[time-nuts] Is a crystal likely to change frequency by 3% ?

Bob Camp kb8tq at n1k.org
Sat Sep 13 08:18:37 EDT 2014


In this era of “everything runs at GHz” it’s a bit tough to reach back to the sort of process used for watch IC’s.

The idea is to optimize for low power / low leakage. They make enough of them that an application specific process can be used. The divide side of the chip may have an Fmax of 60 KHz at full battery voltage. By the time the battery gets to 1/2 voltage, the Fmax may have dropped to 30 KHz. The boundary is never an exact thing. It’s a “probability of working” kind of limit. 

Lots of possibilities. 


On Sep 12, 2014, at 6:52 PM, Dr. David Kirkby (Kirkby Microwave Ltd) <drkirkby at kirkbymicrowave.co.uk> wrote:

> Dr David Kirkby
> Managing Director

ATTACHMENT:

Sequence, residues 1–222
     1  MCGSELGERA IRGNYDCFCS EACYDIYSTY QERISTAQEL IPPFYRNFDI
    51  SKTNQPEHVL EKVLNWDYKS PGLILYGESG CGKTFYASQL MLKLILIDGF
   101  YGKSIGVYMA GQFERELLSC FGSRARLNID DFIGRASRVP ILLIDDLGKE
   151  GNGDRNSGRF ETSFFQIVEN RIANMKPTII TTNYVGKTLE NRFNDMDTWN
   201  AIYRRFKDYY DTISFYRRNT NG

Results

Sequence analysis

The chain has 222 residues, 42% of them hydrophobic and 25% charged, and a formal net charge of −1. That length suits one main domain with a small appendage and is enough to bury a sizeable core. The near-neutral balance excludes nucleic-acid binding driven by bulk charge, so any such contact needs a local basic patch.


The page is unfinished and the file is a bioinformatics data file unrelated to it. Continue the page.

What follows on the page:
> Kirkby Microwave Ltd
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> On 12 Sep 2014 12:18, "Bob Camp" <kb8tq at n1k.org> wrote:
>> Hi
> Hi,
>> If this is an RTC, it’s probably running off of a battery when the
> machine is powered down. It is far more likely that the oscillator is
> dropping out (stopping) rather than shifting frequency.
> Good point,  I never thought of that. I have however noticed that analogue
> quartz clocks slow as the battery goes flat. But maybe too they stop and
> start. It would make an interesting experiment to check it, but one would
> need some method of logging the time from the hands.  Conceptually that is
> not difficult,  but it needs more work than I want to do. One could do it
> with a video camera and a fair bit of work writing the software. Probably
> easier is logging battery voltage and current as that should show if it
> starts and stops.
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